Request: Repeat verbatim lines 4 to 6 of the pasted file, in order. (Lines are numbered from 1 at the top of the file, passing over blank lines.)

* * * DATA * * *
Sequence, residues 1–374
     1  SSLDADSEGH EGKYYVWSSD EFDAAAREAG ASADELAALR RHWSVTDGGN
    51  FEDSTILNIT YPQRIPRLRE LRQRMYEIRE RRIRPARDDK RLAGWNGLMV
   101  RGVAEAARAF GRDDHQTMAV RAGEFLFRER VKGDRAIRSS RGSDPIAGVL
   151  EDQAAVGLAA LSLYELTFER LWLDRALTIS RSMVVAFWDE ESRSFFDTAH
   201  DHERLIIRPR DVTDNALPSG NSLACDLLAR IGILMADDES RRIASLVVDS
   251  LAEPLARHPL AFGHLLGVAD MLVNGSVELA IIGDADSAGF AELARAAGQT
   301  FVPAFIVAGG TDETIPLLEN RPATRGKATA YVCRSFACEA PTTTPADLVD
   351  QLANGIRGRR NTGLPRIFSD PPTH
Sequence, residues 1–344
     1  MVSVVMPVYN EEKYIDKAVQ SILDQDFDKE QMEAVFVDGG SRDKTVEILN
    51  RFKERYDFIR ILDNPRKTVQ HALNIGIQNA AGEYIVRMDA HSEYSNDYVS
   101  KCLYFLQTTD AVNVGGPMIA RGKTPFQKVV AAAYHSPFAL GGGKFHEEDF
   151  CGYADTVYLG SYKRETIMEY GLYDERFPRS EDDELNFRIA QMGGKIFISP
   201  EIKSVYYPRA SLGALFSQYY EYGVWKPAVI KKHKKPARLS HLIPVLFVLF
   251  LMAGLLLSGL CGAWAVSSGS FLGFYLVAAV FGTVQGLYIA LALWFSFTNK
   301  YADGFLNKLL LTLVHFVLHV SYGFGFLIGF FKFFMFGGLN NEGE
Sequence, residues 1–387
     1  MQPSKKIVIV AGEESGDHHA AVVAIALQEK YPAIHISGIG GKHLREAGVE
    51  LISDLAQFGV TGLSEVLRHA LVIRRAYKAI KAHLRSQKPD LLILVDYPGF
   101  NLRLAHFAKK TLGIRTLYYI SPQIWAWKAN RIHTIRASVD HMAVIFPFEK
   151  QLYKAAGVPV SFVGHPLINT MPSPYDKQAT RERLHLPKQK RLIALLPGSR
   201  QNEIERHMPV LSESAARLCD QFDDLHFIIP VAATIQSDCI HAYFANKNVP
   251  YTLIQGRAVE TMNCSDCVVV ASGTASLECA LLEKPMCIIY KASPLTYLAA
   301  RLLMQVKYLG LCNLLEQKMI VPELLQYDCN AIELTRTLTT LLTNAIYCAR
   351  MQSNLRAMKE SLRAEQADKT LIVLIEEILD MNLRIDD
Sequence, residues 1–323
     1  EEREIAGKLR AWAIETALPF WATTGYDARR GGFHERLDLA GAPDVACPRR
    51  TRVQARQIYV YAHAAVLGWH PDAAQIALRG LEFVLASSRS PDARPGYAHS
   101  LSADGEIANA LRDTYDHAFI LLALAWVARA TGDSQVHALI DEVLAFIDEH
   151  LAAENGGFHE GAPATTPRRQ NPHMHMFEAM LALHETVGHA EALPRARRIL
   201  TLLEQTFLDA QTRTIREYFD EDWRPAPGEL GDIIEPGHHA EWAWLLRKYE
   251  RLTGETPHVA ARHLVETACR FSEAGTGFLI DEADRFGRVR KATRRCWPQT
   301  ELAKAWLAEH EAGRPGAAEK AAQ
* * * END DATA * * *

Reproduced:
   101  RGVAEAARAF GRDDHQTMAV RAGEFLFRER VKGDRAIRSS RGSDPIAGVL
   151  EDQAAVGLAA LSLYELTFER LWLDRALTIS RSMVVAFWDE ESRSFFDTAH
   201  DHERLIIRPR DVTDNALPSG NSLACDLLAR IGILMADDES RRIASLVVDS